Shell and tube heat exchangers are used most commonly but they are not particularly suitable for fouling conditions. Fouling can be reduced with special baffle and tube design. Several studies [32-35] have shown that finned tubes foul less than plain tubes. Non-uniform thermal expansion leads to lower deposit strength and hence less deposition. Freeman et al. [36] found that tubes with longitudinal grooves on the outside had less particulate fouling (by alumina particles) than the plain tubes.

Fluidised-bed heat exchangers are used in several applications to reduce or even eliminate fouling completely. Fluidised particles remove deposits from the heat transfer surface. They also enhance the heat transfer efficiency as they interrupt the viscous sub-layer. These heat exchangers have been used successfully to reduce fouling by hard, adhering silica deposits [37]. Graphite heat exchangers are also reported to have less fouling. Direct contact heat transfer may be another alternative to reduce fouling [38]. Properties of the process fluid such as the nature and concentration of the dissolved constituents or suspended particles, presence of any living organisms, solution pH etc. affect fouling significantly.

Excessively high over-concentration of solids in the evaporating liquid may lead to carry-over in the steam and cause fouling in process heat transfer equipment. Corrosion is very important on the steam side of process equipment. Water pH, over-concentration of treatment chemicals in evaporating liquids and dissolved gases (mainly oxygen and carbon dioxide) are very important contributors to corrosion fouling [39]. The presence of living organisms causes biological fouling and makes biofilms. This can sometimes enhance other fouling mechanisms too, as microbial deposits may trap suspended particles. They may also change the chemistry of water and can cause scaling or corrosion [39].


6. Fouling models

A number of models have been proposed for different types of fouling. Analysis and model improvement is still progressing as there are difficulties due to the complex nature of deposit formation and lack of reproducible measurement of fouling resistance. Most of the models have been simplified with many assumptions [40] as stated below:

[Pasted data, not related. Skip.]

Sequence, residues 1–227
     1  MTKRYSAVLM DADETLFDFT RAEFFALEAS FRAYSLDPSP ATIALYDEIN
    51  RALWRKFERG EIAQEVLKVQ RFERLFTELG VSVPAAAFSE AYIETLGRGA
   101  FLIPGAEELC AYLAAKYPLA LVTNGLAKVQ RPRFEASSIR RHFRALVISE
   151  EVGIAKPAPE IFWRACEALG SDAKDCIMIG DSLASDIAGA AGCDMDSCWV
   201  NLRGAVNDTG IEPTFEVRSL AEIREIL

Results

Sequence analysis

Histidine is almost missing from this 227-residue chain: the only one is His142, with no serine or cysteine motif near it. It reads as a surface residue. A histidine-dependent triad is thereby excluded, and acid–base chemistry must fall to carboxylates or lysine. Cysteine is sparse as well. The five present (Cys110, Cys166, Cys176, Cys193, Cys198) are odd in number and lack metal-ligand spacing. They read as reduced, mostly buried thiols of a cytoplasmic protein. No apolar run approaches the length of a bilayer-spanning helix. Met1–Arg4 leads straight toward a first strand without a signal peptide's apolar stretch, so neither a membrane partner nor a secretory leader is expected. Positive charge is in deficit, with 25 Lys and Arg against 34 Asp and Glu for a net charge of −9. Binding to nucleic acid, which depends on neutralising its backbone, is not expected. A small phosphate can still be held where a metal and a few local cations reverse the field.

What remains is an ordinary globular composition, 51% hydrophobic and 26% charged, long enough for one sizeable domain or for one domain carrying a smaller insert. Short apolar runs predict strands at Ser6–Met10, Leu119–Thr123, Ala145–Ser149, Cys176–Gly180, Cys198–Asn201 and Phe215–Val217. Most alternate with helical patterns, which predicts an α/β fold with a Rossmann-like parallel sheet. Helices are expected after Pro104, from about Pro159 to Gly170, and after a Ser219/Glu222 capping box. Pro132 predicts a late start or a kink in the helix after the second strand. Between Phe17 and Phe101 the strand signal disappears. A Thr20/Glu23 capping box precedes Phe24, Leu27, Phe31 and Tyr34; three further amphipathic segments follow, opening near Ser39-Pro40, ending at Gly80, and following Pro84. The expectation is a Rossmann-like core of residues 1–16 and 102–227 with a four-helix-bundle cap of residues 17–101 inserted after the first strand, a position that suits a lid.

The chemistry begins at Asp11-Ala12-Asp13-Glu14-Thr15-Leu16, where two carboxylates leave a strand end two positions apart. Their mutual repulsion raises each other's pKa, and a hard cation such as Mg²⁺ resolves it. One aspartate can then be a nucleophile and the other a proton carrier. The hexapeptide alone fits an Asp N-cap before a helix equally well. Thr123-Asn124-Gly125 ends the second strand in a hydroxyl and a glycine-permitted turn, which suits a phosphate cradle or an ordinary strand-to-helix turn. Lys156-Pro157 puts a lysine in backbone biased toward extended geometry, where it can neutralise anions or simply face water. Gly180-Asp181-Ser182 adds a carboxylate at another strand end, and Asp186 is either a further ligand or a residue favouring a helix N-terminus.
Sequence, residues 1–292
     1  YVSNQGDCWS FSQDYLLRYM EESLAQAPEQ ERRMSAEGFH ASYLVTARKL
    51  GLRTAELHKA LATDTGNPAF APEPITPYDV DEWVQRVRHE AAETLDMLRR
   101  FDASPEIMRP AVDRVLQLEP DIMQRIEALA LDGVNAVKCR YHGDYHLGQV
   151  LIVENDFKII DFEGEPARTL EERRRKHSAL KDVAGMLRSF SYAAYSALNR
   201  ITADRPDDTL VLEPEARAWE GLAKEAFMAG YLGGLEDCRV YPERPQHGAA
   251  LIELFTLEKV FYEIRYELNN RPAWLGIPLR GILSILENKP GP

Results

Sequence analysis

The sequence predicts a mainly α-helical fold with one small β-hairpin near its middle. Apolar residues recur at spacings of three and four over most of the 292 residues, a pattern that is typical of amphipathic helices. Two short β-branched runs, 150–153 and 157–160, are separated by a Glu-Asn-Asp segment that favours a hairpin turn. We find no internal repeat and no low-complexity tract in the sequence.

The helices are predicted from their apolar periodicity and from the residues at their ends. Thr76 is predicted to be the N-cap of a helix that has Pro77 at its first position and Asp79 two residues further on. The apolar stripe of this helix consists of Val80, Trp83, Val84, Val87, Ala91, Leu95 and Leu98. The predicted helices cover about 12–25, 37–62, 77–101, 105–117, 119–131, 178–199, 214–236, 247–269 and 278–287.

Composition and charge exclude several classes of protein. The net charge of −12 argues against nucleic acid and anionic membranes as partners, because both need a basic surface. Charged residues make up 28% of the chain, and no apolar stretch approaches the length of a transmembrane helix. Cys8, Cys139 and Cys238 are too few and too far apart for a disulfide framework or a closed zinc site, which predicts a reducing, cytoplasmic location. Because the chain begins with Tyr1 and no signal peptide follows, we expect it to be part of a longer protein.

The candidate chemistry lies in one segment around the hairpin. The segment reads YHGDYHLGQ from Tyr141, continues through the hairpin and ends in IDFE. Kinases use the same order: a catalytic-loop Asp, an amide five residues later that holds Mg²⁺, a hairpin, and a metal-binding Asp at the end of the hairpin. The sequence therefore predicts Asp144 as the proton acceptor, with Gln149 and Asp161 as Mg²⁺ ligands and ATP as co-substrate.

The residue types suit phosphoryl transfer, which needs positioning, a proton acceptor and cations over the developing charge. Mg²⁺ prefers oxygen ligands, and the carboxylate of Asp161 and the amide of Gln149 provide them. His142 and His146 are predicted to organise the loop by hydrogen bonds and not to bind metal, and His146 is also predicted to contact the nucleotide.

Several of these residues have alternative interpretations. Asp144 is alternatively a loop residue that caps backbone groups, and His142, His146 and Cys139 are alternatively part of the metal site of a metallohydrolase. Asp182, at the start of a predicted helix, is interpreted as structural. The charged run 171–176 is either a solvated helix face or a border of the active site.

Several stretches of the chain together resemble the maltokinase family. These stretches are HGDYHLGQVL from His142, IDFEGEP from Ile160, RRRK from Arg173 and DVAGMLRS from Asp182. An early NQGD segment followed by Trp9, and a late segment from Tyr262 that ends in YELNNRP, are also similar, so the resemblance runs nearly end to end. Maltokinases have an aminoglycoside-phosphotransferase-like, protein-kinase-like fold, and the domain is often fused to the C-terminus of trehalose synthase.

• Surface roughness is neglected.

  • Change in surface roughness with deposit formation is also neglected.

  • Only one type of fouling is usually considered.

  • Changes in physical properties of the fluids are neglected in most of the cases.

  • The fouling layer is assumed to be homogeneous.

  • Changes in flow velocity with changing cross-sectional area due to fouling are usually neglected.

  • The shape of deposits, e. g. crystals or particles is ignored.

It is also observed that few attempts have been made to model the initiation or roughness delay period. Almost all the models predict fouling (scaling) after the delay period. Some other notable parameters are neglected in modelling such as: (a) effect of simultaneous action of different fouling mechanisms, (b) equipment design, (c) surface parameters e.g. surface material and surface roughness, (d) increase in surface area with deposition, (e) properties of foulant stream, (f) nature of process, and the (g) fluctuations in operation.

Modelling is usually done taking into consideration only (a) flow velocity, (b) concentration, (c) wall and bulk temperature, and (d) time.

Watkinson and Martinez [11] developed a model, based on the fundamental material balance equation (1). For the deposition rate the following expression is adopted:

The deposition rate is expressed as shown in equation (12).


For sparingly soluble salts with inverse solubility (e.g. CaCO3), the deposition rate is controlled by the slow reaction rate and the constant of reaction rate KR that obeys the Arrhenius equation:


with Tƒ as the interface temperature.

Kern and Seaton [43] recommend for the removal rate the equation:


Where τƒ is the shear stress exerted by the liquid flow on the fouling film. Even though CaCO3 deposits are much stronger than the particulate deposits considered by Kern and Seaton [43] the removal rate was assumed to be directly proportional to deposit thickness, which may not be correct for all the cases.

Kern and Seaton [41] proposed a model for particulate fouling which takes into account removal or re-entrainment of deposits. The mathematical model is based on a general material balance equation (1). Deposition and removal rates act separately and combine into a net deposition rate. The rate of deposition is expressed as:


Where, cis dirt concentration and w is constant weight flow of fluid. The removal rate is roughly proportional to the total depth of dirt deposited on the heat transfer surface as stated below.


Combining the equations for deposition and removal rates (15) and (16) with the material balance equation (1), the fouling resistance expression is obtained:


where θ is a time constant and Rf is the asymptotic value of the fouling resistance. For these also the following equations are obtained.


Here, λƒ is the thermal conductivity of the deposits, a9and a10 are proportionality constants. This model predicts asymptotic fouling behaviour with Rf being the fouling resistance after an infinite time of operation. According to this model, no matter what the conditions, i.e. type of fluid, heat exchanger surface, temperature driving force, an asymptotic fouling value will be obtained sooner or later with removal rates becoming equal to deposition rates.


7. Cost imposed due to fouling